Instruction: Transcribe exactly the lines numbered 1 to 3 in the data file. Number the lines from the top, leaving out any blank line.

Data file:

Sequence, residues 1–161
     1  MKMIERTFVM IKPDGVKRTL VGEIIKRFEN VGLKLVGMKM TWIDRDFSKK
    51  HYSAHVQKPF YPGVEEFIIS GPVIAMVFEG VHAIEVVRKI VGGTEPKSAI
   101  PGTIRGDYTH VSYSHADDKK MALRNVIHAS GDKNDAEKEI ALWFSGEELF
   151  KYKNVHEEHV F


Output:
Sequence, residues 1–161
     1  MKMIERTFVM IKPDGVKRTL VGEIIKRFEN VGLKLVGMKM TWIDRDFSKK
    51  HYSAHVQKPF YPGVEEFIIS GPVIAMVFEG VHAIEVVRKI VGGTEPKSAI